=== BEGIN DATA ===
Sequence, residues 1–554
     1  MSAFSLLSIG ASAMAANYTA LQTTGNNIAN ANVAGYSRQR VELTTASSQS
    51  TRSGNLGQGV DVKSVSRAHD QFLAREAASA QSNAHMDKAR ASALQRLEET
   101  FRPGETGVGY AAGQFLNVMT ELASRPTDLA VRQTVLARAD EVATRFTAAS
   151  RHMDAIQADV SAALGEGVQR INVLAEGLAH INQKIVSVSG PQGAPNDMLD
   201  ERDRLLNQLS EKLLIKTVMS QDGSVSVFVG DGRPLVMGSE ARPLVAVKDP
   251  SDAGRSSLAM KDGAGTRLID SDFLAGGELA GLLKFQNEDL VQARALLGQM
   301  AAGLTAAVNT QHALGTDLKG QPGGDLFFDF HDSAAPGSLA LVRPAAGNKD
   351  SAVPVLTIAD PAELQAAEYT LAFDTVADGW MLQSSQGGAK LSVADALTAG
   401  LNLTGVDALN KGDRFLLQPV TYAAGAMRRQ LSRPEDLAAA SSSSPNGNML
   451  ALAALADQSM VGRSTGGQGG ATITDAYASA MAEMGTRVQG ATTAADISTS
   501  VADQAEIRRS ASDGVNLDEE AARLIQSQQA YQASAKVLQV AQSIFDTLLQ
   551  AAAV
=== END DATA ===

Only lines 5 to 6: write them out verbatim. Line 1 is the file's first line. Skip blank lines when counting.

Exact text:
   151  RHMDAIQADV SAALGEGVQR INVLAEGLAH INQKIVSVSG PQGAPNDMLD
   201  ERDRLLNQLS EKLLIKTVMS QDGSVSVFVG DGRPLVMGSE ARPLVAVKDP